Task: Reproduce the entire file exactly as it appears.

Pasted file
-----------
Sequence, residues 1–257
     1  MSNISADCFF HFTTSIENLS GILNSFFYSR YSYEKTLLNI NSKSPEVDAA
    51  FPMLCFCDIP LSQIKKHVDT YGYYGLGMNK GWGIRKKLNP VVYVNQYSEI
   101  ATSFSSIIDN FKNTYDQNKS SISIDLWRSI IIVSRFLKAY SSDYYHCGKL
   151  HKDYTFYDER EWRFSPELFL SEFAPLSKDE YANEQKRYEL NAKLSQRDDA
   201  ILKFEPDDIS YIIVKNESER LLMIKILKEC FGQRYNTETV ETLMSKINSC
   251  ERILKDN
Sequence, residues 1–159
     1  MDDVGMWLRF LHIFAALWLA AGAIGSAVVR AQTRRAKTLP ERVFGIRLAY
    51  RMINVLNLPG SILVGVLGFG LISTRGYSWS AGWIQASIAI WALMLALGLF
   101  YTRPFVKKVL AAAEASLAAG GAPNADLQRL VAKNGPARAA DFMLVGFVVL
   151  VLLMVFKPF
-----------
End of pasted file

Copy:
Sequence, residues 1–257
     1  MSNISADCFF HFTTSIENLS GILNSFFYSR YSYEKTLLNI NSKSPEVDAA
    51  FPMLCFCDIP LSQIKKHVDT YGYYGLGMNK GWGIRKKLNP VVYVNQYSEI
   101  ATSFSSIIDN FKNTYDQNKS SISIDLWRSI IIVSRFLKAY SSDYYHCGKL
   151  HKDYTFYDER EWRFSPELFL SEFAPLSKDE YANEQKRYEL NAKLSQRDDA
   201  ILKFEPDDIS YIIVKNESER LLMIKILKEC FGQRYNTETV ETLMSKINSC
   251  ERILKDN
Sequence, residues 1–159
     1  MDDVGMWLRF LHIFAALWLA AGAIGSAVVR AQTRRAKTLP ERVFGIRLAY
    51  RMINVLNLPG SILVGVLGFG LISTRGYSWS AGWIQASIAI WALMLALGLF
   101  YTRPFVKKVL AAAEASLAAG GAPNADLQRL VAKNGPARAA DFMLVGFVVL
   151  VLLMVFKPF